This article appeared in the Spring 1968 (Issue #11) edition of the Kent Archaeological Review.
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Industrialised Archaeology at Snodland.
Work at Snodland (see Kent Archaeological Review Number 4) in the grounds of the SEGB Gas Holder Station and an adjacent factory, began in September, 1964, as a tidying-up operation. Two years later it is obvious that there is still more of the Romano-British buildings waiting to be uncovered. Almost a year's excavation work by the Lower Medway Archaeological Research Group succeeded in covering an area which was later, either destroyed, built over, or masked by reinforced concrete. After finishing we continued to maintain the very close contact we had enjoyed with the management of the factory (The Lead Wool Co. Ltd.) where further remains were believed to exist. Every square-inch of ground which isn't yet built upon, is excavated when conditions permit, and all construction work is being followed very closely by the archaeologist and the workmen! In fact a plan of our 1964-65 discoveries is to be exhibited in the factory canteen, with an eye to the employees' education in things that matter.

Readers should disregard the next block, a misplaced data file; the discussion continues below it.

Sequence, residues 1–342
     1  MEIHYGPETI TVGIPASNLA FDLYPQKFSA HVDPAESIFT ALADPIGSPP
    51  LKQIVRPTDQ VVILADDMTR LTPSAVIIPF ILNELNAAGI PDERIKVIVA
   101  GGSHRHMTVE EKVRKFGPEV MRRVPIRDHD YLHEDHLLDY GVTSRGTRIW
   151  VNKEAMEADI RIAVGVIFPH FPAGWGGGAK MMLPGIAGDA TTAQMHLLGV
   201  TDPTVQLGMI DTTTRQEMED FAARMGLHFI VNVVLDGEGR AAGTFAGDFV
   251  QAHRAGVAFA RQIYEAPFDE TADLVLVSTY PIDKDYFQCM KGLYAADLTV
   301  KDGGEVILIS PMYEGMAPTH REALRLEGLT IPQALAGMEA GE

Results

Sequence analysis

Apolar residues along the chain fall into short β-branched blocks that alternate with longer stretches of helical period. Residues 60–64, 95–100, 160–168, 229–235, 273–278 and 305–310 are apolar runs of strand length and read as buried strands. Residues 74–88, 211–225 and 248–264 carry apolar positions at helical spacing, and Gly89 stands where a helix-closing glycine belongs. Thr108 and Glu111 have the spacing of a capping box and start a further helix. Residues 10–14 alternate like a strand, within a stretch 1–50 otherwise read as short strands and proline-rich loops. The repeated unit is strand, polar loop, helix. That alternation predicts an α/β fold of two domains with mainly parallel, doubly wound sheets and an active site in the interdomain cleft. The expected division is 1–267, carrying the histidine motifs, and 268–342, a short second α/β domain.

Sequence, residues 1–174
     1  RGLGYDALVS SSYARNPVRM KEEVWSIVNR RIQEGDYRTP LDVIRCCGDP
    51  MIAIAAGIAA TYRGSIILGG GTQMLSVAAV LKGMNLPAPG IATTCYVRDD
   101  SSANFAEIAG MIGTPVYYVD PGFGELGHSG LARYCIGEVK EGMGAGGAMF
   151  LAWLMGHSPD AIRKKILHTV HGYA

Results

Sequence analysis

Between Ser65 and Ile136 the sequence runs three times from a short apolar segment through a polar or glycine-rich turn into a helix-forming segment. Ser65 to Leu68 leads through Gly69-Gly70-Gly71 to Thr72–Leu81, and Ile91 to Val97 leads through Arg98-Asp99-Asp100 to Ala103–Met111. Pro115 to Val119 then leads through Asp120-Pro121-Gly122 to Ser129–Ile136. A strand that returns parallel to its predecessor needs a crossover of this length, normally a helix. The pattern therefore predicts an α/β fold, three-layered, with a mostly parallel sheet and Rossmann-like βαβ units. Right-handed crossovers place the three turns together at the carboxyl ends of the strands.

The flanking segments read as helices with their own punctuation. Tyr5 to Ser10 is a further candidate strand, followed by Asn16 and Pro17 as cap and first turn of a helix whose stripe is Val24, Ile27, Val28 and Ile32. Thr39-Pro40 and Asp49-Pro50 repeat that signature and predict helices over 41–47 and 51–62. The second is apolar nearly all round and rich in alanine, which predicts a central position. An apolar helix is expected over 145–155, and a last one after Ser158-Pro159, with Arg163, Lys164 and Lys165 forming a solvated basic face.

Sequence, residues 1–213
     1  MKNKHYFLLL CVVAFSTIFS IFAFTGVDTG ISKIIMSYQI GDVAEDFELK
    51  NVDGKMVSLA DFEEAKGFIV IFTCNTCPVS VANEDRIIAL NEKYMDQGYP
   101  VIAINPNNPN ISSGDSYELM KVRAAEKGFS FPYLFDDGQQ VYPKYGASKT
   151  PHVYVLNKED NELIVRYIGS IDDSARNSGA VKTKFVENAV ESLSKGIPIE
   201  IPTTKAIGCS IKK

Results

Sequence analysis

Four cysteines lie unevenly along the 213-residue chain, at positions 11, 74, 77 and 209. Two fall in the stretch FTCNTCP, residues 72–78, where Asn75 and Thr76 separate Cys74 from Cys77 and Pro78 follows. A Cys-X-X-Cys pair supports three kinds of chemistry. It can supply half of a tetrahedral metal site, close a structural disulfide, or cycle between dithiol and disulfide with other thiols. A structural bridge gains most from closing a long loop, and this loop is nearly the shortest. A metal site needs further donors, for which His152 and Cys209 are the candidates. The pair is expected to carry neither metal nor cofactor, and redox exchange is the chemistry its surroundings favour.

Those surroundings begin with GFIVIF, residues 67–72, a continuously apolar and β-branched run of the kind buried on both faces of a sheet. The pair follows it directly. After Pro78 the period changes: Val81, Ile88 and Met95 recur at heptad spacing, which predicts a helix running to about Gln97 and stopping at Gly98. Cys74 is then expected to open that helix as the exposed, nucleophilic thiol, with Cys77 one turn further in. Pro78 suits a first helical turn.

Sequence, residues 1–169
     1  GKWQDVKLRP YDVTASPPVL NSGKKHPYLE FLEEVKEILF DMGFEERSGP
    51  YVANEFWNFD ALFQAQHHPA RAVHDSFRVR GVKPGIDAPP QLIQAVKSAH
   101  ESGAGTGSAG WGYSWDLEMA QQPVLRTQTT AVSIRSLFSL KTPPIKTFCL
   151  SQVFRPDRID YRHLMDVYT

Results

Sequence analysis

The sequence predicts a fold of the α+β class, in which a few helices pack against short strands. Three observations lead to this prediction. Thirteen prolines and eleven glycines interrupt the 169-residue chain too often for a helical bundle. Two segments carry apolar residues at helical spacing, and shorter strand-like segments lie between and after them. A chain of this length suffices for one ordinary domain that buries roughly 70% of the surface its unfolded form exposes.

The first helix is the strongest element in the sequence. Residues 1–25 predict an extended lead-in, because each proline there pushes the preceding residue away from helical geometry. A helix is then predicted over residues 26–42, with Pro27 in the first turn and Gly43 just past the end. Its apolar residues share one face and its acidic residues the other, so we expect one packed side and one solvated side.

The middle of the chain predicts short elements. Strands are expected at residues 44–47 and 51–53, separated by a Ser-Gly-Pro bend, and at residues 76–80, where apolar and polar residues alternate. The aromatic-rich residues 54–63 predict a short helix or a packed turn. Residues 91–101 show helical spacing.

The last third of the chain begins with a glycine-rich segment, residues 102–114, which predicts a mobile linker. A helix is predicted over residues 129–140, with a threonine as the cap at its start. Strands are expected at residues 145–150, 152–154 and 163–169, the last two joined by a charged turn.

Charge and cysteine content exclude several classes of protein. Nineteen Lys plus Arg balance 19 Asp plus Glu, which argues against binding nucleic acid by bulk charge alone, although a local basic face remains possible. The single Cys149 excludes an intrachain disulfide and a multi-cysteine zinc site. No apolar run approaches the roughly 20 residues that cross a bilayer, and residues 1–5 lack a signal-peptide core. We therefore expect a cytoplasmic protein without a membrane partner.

During three weekends in July and August last year, whilst the factory was on it annual holiday, we were able to dig very close to the site of our earlier work and explore some new ground.
Briefly, the results showed that the long roof or corridor, which had formed Period 3 (date circa 250-75 AD) of our Romano-British building, had continued almost to the wall of the factory without turning as had been previously assumed. Foundations of what may have been a screen or boundary wall continued on the line of the corridor, but further investigation was prevented by the foundations of the factory and an electricity cable so the exact purpose of the wall remains a mystery. Besides the usual external paving, which had been met with elsewhere on the site, a chalk floor, and what could have been a wall to a veranda, were met with on the south-east side of the corridor. Unfortunately modern disturbances had caused a great deal of damage in the area and confused the situation even more than usual!
Various accounts were heard of a stone coffin which had been discovered over thirty years ago. The coffin, which was presumed to have been Roman, had contained a skeleton that was later given to the Royal College of Surgeons museum. The whereabouts of the coffin had never been recorded, but it now appears that the lid was used as a step in the factory and the remainder of the coffin broken up.
According to another employee whose father had helped to build the Baptist Chapel (now the factory canteen) which is close to the site, Roman foundations were met with during the construction of the chapel. Because of this, one last trench was dug in a piece of open ground near the road and the chapel during the July excavations of this year. A wall, apparently Roman in date, was found. Once again further excavations are contemplated!